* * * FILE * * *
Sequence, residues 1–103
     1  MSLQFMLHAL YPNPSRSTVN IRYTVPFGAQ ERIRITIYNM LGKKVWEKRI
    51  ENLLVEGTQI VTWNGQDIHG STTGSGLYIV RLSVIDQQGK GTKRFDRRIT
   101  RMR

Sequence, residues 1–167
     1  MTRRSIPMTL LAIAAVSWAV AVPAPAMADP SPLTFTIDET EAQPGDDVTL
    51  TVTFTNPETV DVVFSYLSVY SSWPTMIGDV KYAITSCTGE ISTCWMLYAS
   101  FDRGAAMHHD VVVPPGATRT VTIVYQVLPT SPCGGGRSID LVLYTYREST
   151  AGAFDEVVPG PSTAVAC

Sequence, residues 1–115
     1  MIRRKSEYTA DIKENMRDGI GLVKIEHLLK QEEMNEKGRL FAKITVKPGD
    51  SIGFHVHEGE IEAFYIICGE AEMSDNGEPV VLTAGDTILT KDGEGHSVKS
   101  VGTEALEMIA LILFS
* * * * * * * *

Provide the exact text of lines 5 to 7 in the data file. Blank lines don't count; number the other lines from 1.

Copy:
Sequence, residues 1–167
     1  MTRRSIPMTL LAIAAVSWAV AVPAPAMADP SPLTFTIDET EAQPGDDVTL
    51  TVTFTNPETV DVVFSYLSVY SSWPTMIGDV KYAITSCTGE ISTCWMLYAS